Judge tosses suit similar to ASU case

Homosexuality, personal beliefs arose in Michigan student case
Augusta State University graduate student Jennifer Keeton has filed a lawsuit against the university.

A federal judge dismissed a case this week with striking similarities to one filed by an Augusta State University student who claims discrimination because of her biblical beliefs.


The Augusta case was filed last Wednesday by graduate student Jennifer Keeton, 24, who contends her professors want her to a undergo a remediation plan because of her Christian convictions.

Specifically, Keeton has expressed her views both during and outside class that gays, lesbians and transgender people suffer "identity confusion."

In a similar incident last year, an Eastern Michigan University student working toward her master's degree was criticized by her professors for her opinions on homosexuality, according to the Alliance Defense Fund, a faith-based coalition of lawyers.

The student, Julea Ward, came under scrutiny during practicum sessions when she referred a potential client to another counselor. Ward said she could not go against her values and affirm the client's same-sex relationship, said attorney David French, who represents both Ward and Keeton.

Ward was taken before a panel of her professors who challenged her beliefs within the master's program, French said.

In a 48-page decision Monday, U.S. District Judge George Caram Steeh dismissed Ward's lawsuit, saying essentially that Ward was treated poorly but not censored.

"The university had a rational basis for requiring its students to counsel clients without imposing their personal values," Steeh wrote in his opinion. "In the case of Ms. Ward, the university determined that she would never change her behavior and would consistently refuse to counsel clients on matters with which she was personally opposed due to her religious beliefs -- including homosexual relationships."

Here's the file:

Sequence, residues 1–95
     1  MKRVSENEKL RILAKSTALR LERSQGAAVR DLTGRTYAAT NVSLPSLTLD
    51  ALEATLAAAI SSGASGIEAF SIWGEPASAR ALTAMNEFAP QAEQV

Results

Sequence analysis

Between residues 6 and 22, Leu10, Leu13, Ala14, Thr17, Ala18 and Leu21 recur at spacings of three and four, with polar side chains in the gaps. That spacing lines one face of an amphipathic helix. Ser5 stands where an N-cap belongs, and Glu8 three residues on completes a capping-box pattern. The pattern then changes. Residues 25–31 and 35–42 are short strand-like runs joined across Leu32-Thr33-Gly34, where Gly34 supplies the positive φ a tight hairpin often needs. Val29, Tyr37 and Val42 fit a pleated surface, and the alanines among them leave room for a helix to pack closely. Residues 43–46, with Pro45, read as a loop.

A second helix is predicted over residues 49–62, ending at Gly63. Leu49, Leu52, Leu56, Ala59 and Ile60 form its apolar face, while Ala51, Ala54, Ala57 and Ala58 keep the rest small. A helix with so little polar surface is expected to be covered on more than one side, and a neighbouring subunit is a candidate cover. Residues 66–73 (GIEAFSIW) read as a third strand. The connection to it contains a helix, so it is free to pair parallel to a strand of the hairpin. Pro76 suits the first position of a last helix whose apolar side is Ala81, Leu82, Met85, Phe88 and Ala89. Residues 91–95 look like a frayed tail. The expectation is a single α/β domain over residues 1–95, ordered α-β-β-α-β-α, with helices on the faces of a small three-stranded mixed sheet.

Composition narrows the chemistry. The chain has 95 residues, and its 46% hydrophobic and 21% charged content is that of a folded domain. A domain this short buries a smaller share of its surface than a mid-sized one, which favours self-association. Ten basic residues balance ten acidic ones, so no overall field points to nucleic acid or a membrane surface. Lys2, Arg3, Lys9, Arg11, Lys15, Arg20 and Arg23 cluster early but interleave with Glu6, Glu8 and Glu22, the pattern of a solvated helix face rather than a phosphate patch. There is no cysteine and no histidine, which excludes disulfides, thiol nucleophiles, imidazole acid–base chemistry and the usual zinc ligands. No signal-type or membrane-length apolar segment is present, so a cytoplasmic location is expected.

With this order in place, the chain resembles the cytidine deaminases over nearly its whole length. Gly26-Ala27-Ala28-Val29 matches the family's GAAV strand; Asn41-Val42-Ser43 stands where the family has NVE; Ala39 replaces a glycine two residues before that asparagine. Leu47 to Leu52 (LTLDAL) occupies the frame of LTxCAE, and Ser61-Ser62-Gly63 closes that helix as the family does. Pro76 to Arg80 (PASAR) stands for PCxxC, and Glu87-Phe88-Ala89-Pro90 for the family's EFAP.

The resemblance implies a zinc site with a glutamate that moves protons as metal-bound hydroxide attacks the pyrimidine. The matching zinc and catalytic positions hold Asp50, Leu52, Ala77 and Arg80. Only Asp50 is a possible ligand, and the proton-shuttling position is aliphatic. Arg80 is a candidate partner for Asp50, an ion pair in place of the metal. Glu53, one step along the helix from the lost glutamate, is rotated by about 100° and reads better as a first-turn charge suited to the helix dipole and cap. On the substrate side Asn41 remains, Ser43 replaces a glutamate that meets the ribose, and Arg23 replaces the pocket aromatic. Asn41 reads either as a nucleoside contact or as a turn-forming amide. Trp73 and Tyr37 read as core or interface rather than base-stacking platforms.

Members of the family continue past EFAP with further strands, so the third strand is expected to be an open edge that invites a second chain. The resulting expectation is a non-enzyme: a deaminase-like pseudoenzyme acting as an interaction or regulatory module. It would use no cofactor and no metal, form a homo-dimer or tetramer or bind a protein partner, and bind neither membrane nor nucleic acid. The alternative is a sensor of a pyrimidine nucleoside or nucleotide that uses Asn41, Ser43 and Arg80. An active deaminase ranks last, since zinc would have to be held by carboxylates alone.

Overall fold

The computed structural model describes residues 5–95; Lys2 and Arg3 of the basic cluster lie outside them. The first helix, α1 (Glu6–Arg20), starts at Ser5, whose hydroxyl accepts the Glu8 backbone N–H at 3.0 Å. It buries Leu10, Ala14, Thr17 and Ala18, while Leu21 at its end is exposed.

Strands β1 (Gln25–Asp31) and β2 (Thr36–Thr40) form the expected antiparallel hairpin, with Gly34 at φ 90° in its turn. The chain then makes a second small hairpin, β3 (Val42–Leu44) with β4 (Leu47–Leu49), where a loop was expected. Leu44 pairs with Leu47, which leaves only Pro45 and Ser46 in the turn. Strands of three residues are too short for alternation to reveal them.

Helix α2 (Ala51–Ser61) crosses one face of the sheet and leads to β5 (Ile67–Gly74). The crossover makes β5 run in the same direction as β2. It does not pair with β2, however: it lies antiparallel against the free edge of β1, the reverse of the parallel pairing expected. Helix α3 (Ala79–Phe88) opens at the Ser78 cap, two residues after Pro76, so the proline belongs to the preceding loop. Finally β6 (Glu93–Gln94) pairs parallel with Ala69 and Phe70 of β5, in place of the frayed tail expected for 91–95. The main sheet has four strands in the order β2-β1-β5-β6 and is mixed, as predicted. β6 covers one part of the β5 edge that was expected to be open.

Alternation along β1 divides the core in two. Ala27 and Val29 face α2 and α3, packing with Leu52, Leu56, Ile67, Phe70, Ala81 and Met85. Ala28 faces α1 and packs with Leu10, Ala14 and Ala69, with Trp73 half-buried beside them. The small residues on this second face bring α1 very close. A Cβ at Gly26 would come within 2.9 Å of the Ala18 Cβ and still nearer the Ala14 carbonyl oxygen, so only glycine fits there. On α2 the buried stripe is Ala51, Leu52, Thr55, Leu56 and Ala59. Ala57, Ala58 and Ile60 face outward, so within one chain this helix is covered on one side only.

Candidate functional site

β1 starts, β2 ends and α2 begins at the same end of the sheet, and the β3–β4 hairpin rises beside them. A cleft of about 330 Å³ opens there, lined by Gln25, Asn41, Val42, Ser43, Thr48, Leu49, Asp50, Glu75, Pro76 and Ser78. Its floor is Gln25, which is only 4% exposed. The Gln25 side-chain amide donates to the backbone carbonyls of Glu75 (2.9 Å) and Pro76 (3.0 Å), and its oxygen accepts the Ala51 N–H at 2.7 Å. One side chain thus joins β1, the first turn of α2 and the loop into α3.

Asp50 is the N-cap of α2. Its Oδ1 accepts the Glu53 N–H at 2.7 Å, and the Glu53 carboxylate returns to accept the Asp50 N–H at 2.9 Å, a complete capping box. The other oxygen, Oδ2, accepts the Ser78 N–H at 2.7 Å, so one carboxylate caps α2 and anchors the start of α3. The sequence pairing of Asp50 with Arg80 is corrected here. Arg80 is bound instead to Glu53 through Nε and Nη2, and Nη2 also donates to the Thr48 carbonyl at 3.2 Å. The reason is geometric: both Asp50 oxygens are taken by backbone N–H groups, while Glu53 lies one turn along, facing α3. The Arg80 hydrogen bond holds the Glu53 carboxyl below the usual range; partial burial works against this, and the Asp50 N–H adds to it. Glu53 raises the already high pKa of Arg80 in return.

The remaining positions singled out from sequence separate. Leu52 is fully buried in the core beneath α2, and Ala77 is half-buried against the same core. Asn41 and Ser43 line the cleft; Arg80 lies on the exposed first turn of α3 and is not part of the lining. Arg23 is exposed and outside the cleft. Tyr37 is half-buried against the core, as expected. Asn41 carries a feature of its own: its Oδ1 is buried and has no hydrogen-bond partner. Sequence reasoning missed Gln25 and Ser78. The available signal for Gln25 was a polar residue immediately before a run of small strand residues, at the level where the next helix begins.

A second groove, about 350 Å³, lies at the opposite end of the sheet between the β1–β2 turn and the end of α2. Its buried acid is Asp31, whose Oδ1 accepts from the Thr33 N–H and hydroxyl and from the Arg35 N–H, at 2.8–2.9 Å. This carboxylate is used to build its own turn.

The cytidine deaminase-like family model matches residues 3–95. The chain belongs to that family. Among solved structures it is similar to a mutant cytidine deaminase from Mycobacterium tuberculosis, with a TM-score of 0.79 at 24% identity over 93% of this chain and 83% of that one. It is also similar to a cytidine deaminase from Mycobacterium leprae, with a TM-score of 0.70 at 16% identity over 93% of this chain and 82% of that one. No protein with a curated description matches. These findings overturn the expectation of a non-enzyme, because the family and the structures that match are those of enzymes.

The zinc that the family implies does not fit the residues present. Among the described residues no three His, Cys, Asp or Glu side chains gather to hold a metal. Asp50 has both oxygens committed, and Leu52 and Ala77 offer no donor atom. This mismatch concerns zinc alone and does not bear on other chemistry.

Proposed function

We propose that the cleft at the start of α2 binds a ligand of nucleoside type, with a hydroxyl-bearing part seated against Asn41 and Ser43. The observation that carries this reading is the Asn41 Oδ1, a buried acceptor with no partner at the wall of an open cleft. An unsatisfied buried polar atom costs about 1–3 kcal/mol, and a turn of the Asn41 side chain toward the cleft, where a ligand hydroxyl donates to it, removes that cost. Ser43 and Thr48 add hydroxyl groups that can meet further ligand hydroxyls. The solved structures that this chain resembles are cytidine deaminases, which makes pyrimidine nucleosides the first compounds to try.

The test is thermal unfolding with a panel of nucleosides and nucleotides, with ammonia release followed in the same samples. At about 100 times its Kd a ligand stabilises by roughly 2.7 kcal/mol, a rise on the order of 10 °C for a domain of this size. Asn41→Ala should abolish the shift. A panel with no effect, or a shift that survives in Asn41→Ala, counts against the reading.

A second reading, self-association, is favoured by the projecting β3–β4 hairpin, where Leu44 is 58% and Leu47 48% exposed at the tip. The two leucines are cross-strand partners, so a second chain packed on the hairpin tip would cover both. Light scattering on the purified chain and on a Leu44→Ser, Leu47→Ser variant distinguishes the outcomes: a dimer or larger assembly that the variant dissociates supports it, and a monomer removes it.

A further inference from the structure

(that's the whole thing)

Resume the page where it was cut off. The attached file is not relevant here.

French said there are similarities between the two cases, but also significant differences. The dismissal of the Ward case, which will be appealed, does not set a precedent nor doom the success of the lawsuit in Augusta, the attorney said.

Mike Brown, a discrimination and employment lawyer in Augusta, agreed with that assessment.

"These could be very different cases," Brown said.

As in the past, ASU refused to comment directly on pending litigation. Spokeswoman Kathy Schofe instead released a general statement Tuesday outlining the University System of Georgia's policy on students' beliefs.

It states in part: "No student is asked to change their religious beliefs or views in order to participate in any program."

Further questions were referred to the state attorney general's office.

The Ward case at Eastern Michigan University started shortly after she enrolled in the counseling program. Her professors openly mocked her beliefs and called her a "homophobe" when she expressed her view that homosexuality is wrong, according to the Alliance Defense Fund.

The tension peaked when Ward was preparing for a practice counseling session and noticed in the folder that the client needed affirmation of a homosexual relationship. Ward knew she could not provide that support so she followed the advice of her professors and classroom teaching and referred the client to another counselor, according to the fund.

This so-called value-based conflict is common in counseling, similar to a conflict of interest for an attorney. French, the attorney, said it's better for both people in the session because the client gets a sympathetic ear.

French said the Augusta case is different because Keeton has not even reached that level of the program. He said Keeton's professors worked up a remediation plan because of Keeton's comments both in and outside class about homosexuality.

"There's a presumption about how she will treat clients," French said.

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